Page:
Jump to content

Any lawyers here balance two careers or practice only on the side?


LawAspirant
 Share

Recommended Posts

LawAspirant
  • Articling Student

Is there anything that could stop a lawyer from pursuing a different career which pays more money during the day, but then take on a few cases here and there that appeal to them? Does everyone who practices law in Ontario have to be someone who does it full time as their main profession? I am not going to get into the other career prospect because its not necessary for my question- but the point is that I am having this fantasy where I work that other job which is 9-5, and then just take on a small amount of legal clients (mostly family law) that I can give a lot of attention to at night. Is this ridiculous? Are there too many urgent matters which might arise in a family law proceeding where I couldn't manage it after 5pm? Am i being completely ridiculous? 

 

Edit- The reason I am fantasizing about this is because the day job is a very technical profession where I can just collect a nice salary, a nice pension, and go home at 5pm. I dont have to deal with the chaos of trying to make a living as a lawyer. I want to practice family law because I had my own issues growing up which I had to resolve  through years of introspection, therapy and studying and which has made me an empathetic person. I think I could help a lot of people throug hthat really hard time. However I am unsure about my ability to make a lot of money in family law or if I even want to be someone who make s alot of money breaking people apart. Perhaps if family becomes more collaborative like certain areas of the states but for now as it remains adversasrial it is tricky. Anyways I digress, but I wanted to give you an understanding of my thinking. 

Edited by LawAspirant
Link to comment
Share on other sites

realpseudonym
  • Lawyer
46 minutes ago, LawAspirant said:

I am not going to get into the other career prospect because its not necessary for my question- but the point is that I am having this fantasy where I work that other job which is 9-5, and then just take on a small amount of legal clients (mostly family law) that I can give a lot of attention to at night. Is this ridiculous? Are there too many urgent matters which might arise in a family law proceeding where I could manage it after 5pm? Am i being completely ridiculous?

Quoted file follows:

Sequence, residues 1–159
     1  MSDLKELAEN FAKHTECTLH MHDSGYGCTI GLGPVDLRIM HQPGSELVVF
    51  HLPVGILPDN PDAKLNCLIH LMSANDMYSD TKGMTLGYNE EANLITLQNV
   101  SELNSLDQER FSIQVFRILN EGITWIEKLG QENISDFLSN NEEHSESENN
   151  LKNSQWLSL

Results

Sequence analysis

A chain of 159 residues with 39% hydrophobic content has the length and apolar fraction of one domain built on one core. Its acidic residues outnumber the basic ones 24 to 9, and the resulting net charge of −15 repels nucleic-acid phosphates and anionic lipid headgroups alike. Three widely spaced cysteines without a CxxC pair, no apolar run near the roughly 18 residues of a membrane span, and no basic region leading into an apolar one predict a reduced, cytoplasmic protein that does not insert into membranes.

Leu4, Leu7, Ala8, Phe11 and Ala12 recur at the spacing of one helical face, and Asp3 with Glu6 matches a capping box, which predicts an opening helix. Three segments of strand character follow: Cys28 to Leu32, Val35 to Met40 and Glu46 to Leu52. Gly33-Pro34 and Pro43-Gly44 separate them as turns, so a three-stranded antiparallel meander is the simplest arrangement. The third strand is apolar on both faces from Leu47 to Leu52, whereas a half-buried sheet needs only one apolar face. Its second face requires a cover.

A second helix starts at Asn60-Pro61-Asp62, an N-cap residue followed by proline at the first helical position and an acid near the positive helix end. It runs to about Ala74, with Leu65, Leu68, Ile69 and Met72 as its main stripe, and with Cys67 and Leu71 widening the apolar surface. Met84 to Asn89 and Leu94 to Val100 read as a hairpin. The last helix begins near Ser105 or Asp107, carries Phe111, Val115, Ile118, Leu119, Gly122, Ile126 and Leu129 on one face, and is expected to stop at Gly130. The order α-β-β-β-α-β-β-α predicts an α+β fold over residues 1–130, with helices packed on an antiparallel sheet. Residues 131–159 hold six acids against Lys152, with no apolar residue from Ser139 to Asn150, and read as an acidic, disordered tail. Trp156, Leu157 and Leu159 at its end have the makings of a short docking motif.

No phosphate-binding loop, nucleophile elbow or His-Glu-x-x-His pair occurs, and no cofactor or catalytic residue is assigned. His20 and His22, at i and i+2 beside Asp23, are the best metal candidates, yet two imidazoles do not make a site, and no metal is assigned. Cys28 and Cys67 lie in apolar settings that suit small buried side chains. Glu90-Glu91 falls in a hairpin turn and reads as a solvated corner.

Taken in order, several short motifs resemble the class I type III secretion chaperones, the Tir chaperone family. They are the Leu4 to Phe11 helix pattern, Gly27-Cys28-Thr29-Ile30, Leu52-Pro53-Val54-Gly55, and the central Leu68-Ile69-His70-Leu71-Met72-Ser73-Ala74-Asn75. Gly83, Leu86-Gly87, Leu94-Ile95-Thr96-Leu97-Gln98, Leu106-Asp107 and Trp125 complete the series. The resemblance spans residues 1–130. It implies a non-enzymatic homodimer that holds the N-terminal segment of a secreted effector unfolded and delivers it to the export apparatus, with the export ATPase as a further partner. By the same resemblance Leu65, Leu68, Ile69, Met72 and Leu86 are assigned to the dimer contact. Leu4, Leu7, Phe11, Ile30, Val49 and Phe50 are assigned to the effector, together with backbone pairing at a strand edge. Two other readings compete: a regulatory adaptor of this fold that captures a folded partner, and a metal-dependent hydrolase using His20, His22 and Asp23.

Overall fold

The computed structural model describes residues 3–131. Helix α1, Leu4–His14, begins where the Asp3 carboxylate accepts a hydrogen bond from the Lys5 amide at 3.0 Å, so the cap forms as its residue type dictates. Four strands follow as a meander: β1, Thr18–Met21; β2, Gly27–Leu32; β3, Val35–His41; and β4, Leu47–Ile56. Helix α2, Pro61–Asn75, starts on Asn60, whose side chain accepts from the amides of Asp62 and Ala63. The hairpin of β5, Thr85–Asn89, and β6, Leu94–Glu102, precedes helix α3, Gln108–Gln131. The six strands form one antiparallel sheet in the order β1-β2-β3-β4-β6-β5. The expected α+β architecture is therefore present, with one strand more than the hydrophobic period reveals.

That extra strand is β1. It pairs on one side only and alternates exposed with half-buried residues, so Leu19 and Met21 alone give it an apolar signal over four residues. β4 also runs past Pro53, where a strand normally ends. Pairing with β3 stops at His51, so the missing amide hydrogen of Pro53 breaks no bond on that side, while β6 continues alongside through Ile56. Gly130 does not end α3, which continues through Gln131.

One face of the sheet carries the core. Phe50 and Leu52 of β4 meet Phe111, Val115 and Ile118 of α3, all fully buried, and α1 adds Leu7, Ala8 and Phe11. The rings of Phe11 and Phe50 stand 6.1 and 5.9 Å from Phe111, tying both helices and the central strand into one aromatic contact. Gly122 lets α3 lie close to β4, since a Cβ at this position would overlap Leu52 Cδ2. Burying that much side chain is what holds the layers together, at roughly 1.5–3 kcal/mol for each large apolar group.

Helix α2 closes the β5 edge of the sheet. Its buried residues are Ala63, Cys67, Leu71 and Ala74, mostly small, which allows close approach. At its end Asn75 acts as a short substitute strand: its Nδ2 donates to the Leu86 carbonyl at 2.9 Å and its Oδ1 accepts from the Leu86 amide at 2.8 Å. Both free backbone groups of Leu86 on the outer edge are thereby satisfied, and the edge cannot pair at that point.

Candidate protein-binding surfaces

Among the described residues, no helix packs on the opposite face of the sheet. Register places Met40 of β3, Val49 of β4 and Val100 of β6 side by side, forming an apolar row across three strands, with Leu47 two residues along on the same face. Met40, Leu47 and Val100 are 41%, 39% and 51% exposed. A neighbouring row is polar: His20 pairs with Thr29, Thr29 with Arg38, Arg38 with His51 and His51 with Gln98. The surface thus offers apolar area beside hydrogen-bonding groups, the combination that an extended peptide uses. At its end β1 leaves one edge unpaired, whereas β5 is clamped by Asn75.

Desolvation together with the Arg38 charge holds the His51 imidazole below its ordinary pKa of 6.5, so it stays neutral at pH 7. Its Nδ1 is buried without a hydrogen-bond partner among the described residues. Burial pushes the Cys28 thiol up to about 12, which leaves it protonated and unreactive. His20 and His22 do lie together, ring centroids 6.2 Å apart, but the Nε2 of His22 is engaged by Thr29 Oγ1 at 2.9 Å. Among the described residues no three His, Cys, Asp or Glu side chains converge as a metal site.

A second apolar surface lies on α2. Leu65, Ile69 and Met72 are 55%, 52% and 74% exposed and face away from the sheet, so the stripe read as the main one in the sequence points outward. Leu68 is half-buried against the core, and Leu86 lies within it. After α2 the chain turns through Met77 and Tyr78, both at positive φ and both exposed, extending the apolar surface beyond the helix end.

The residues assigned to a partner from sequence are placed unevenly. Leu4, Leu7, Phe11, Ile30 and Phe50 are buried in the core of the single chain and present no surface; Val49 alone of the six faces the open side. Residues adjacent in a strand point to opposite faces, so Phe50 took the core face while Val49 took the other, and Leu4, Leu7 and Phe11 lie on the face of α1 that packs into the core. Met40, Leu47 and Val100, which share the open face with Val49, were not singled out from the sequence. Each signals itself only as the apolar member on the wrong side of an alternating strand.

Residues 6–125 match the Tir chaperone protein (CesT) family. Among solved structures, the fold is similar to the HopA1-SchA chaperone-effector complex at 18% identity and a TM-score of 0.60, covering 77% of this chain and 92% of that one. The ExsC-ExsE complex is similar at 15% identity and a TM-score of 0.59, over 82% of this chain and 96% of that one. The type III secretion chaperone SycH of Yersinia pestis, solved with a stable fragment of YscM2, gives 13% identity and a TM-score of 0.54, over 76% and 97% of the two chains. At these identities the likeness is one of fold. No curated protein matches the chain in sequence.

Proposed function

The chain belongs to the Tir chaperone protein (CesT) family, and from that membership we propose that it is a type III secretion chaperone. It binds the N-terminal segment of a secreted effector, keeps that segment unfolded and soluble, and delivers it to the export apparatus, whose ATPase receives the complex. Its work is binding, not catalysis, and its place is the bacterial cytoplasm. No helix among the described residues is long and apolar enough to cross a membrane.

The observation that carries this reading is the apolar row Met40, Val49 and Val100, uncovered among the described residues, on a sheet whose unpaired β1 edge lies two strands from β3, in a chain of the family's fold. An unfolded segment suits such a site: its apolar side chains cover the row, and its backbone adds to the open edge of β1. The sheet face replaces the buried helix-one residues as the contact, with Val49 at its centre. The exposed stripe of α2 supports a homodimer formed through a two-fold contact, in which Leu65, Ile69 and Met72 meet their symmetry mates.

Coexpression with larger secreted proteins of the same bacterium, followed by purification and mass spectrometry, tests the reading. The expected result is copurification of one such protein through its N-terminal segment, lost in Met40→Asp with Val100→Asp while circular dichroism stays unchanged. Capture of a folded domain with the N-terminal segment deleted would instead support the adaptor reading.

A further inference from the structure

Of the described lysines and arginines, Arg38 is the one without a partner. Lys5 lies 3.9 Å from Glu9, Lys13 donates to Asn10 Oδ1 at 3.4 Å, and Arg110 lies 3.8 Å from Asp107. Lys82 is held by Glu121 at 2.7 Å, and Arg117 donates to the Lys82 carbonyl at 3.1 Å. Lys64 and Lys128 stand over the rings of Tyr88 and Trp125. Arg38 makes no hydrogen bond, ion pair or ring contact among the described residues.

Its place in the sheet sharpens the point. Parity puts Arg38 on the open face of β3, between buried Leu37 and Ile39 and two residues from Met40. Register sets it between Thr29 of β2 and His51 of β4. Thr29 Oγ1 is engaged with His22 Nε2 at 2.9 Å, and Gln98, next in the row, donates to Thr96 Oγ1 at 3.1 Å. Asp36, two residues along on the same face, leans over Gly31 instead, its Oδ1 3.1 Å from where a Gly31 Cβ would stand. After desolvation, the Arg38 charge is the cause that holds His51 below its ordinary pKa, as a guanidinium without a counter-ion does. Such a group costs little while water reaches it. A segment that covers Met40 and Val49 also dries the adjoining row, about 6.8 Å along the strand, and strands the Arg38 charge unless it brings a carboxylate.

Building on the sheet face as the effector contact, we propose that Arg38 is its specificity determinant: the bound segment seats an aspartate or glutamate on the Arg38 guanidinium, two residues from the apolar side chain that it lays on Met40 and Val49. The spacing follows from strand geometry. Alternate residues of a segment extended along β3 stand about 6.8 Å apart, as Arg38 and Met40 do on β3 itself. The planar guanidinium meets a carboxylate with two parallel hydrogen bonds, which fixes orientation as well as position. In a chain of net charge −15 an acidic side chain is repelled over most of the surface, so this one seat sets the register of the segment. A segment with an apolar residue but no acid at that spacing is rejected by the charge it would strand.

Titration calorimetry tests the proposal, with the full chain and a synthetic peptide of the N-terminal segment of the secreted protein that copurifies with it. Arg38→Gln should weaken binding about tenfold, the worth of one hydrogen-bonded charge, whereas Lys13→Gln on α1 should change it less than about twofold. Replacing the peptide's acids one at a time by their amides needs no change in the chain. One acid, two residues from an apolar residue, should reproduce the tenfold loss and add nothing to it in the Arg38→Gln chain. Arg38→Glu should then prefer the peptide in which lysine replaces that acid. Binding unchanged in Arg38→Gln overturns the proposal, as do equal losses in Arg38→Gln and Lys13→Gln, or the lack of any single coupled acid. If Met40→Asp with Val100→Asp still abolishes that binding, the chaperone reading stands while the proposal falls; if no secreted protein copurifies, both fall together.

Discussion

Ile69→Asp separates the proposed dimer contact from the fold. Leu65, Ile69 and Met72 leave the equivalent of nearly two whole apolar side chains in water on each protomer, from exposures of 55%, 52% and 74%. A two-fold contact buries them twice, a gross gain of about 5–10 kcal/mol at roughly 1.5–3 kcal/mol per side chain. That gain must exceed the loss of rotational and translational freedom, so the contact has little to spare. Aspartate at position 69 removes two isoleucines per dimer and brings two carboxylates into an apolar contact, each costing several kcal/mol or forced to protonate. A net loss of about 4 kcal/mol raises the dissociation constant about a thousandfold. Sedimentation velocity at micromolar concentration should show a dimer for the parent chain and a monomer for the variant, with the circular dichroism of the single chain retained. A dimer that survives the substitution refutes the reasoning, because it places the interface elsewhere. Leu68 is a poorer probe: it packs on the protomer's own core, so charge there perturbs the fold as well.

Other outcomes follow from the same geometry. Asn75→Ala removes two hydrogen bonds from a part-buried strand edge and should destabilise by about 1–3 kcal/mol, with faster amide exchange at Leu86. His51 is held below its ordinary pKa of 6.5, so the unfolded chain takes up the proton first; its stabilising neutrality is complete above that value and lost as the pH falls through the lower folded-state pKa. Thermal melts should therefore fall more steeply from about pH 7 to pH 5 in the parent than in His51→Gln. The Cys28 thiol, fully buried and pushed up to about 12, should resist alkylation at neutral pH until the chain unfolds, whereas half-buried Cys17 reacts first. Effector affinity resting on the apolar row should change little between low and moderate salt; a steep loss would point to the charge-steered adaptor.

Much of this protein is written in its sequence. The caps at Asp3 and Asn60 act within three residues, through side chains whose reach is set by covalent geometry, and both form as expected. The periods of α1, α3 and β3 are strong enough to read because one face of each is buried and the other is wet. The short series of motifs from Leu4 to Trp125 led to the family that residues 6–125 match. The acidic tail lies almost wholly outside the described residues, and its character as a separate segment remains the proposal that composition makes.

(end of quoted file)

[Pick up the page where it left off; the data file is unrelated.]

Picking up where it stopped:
I'm not a family lawyer, so I’ll leave that aspect to others. And I know that some lawyers have very part-time practices. But it makes little sense to me.

Financially and administratively, it's doable. But I wouldn't want to do it. You have to maintain insurance, pay LSO fees, and pay some level of office overhead. You can get office overhead pretty low, if you just rent a mailing address at another firm or in chambers and operate without staff. But it's still something. You'll have to keep financial and practice management records. You're still just as liable for every file as a full-time lawyer. Practicing is a pain. At scale, that pain can be quite worthwhile, financially and otherwise. But I wouldn't want to do it, if I was only going to practice for a few hours a week.

It's also a lot of work to become and remain truly competent. I wasn't that useful on my own when I first got called. I needed (and still need) a lot of mentorship and guidance to avoid screwing up. To be better than that -- to actually be a net positive contributor on your files -- it takes thousands of hours to build-up skill and experience. In your fantasy, you don't sound particularly willing to put in that time and energy. You should be. Vulnerable family clients deserve counsel willing to make the necessary commitment. If you're not committed to the craft of law and advocacy, you're not really going to help anyone much. If you're not helping others and you're probably not making much money, I wonder why you would do this at all. 

 

Edited by realpseudonym
  • Like 4
Link to comment
Share on other sites

Lawstudents20202020
  • Lawyer

Family law is hard to do part time because family law issues don't happen on a part time schedule. Litigation really won't be compatible with another job because court happens during regular business hours. 

 

I do know a family lawyer who does unbundled services part time and that makes sense as an end of career gig. You really want a solid foundation in the practice area before you go that route. 

  • Like 1
Link to comment
Share on other sites

If you were doing solicitor work (eg. helping people incorporate, some IP stuff, corporate filings) it is probably doable. In areas involving litigation it would be pretty tough to balance with a full-time job because mediations and court appearances all happen during normal business hours.

Link to comment
Share on other sites

LawAspirant
  • Articling Student
37 minutes ago, realpseudonym said: